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Race-conscious school placement cases argued at Supreme Court

[JURIST] The US Supreme Court [official website; JURIST news archive] heard two hours of oral arguments [transcript, PDF] Monday in Parents Involved in Community Schools v. Seattle School District No. 1 [Duke Law case backgrounder; merit briefs], 05-908, and Meredith v. Jefferson County Board of Education [Duke Law case backgrounder; merit briefs], 05-915. Both cases present the question of whether the court's 2003 decisions in affirmative action cases involving the University of Michigan, Grutter v. Bollinger and Gratz v. Bollinger [text], allow public school districts to assign students to schools based partly on race, so that the racial makeup of each school roughly mirrors that of the district. In the Seattle case, parents sought an injunction against the school district, arguing that the consideration of race violated the equal protection guarantee of the 14th Amendment [text]. The district court upheld the policy. A panel of the US Court of Appeals for the Ninth Circuit reversed, applying the strict scrutiny standard of the Michigan cases and finding that the policy was not narrowly tailored to achieve a compelling state interest. Following an en banc review, however, the full Ninth Circuit reversed the panel [opinion, PDF] and sided with the school district. Likewise, in the Missouri case, the district court refused to issue an injunction against the school district and upheld the policy under strict scrutiny. The US Court of Appeals for the Sixth Circuit affirmed [opinion, PDF].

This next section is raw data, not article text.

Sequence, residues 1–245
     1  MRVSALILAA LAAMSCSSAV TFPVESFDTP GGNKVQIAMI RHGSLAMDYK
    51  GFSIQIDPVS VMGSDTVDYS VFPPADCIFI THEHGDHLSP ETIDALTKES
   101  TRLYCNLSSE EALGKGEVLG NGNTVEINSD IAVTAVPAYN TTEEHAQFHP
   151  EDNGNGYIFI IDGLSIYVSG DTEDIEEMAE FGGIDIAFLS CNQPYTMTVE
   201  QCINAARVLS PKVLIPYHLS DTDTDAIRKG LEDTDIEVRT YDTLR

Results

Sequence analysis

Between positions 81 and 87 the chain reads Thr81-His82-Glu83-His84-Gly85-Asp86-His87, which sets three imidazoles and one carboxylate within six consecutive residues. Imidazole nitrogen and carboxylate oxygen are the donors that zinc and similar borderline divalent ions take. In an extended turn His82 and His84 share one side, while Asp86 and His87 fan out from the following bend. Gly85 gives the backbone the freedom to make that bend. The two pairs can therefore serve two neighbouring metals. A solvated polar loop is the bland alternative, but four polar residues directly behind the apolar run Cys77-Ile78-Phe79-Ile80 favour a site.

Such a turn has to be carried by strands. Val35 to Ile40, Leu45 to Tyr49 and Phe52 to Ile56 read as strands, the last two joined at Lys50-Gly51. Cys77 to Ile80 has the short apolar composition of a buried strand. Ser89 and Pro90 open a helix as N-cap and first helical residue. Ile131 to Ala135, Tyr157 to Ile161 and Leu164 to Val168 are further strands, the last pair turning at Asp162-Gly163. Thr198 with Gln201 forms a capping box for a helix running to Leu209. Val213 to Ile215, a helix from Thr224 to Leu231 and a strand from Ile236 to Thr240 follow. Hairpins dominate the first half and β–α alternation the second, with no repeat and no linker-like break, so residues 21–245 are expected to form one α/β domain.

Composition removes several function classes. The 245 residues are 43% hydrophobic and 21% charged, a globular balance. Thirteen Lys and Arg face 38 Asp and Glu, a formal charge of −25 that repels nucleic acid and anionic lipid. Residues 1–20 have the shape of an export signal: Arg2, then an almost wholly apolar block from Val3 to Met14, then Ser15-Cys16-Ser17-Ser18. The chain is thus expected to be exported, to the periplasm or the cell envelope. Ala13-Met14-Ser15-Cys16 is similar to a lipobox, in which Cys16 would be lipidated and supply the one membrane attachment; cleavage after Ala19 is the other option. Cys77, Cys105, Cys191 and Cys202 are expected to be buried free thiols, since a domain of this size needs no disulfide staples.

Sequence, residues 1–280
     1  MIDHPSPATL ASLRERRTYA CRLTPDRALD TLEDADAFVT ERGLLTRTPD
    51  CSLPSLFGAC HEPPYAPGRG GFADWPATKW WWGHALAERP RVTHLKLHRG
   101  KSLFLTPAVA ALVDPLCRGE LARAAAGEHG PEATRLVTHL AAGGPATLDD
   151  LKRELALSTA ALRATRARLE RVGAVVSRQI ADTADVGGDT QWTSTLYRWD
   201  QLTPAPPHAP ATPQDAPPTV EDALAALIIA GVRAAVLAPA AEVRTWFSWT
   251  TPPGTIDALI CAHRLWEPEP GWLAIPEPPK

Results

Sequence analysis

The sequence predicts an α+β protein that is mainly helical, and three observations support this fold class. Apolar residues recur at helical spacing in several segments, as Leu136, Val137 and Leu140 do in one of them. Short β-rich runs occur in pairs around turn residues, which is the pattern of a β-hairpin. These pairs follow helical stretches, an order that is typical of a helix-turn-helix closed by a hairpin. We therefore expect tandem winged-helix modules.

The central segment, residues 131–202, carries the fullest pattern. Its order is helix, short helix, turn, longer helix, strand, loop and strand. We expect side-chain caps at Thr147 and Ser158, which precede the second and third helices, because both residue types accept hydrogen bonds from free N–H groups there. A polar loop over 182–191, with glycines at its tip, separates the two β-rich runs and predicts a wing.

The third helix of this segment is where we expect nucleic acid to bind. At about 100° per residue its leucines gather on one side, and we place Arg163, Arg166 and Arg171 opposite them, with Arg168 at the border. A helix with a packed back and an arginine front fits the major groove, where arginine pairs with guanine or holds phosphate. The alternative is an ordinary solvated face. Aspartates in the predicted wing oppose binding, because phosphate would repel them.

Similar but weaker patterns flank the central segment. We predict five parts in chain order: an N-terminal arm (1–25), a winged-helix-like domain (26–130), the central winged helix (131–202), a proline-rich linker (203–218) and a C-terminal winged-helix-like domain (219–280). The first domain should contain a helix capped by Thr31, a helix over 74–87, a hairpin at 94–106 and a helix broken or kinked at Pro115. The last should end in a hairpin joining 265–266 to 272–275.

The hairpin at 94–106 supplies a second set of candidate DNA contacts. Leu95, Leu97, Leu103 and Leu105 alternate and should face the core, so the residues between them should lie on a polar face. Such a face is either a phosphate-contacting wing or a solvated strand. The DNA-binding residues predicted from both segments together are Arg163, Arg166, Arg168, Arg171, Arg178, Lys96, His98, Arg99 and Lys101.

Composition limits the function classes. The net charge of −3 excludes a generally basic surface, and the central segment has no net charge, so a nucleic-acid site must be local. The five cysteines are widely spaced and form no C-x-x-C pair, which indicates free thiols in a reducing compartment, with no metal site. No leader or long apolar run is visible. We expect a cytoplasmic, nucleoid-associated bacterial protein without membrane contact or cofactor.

During Monday's arguments, school district attorneys likened the policies to the admissions process upheld in Grutter, emphasizing that race is only one factor in assigning students, and they distinguished the policies from the admissions system struck down in Gratz, pointing out that their decisions merely redistribute students rather than denying them admission to an institution. Chief Justice John Roberts and Associate Justices Antonin Scalia and Anthony Kennedy [OYEZ profiles] appeared to express skepticism at some of the districts' arguments. Kennedy, who joined the majority in Gratz but dissented in Grutter, said assigning some students to schools based not upon their choice but on race is "like saying everybody can have a meal but only [some] people ... can get the dessert." AP has more.

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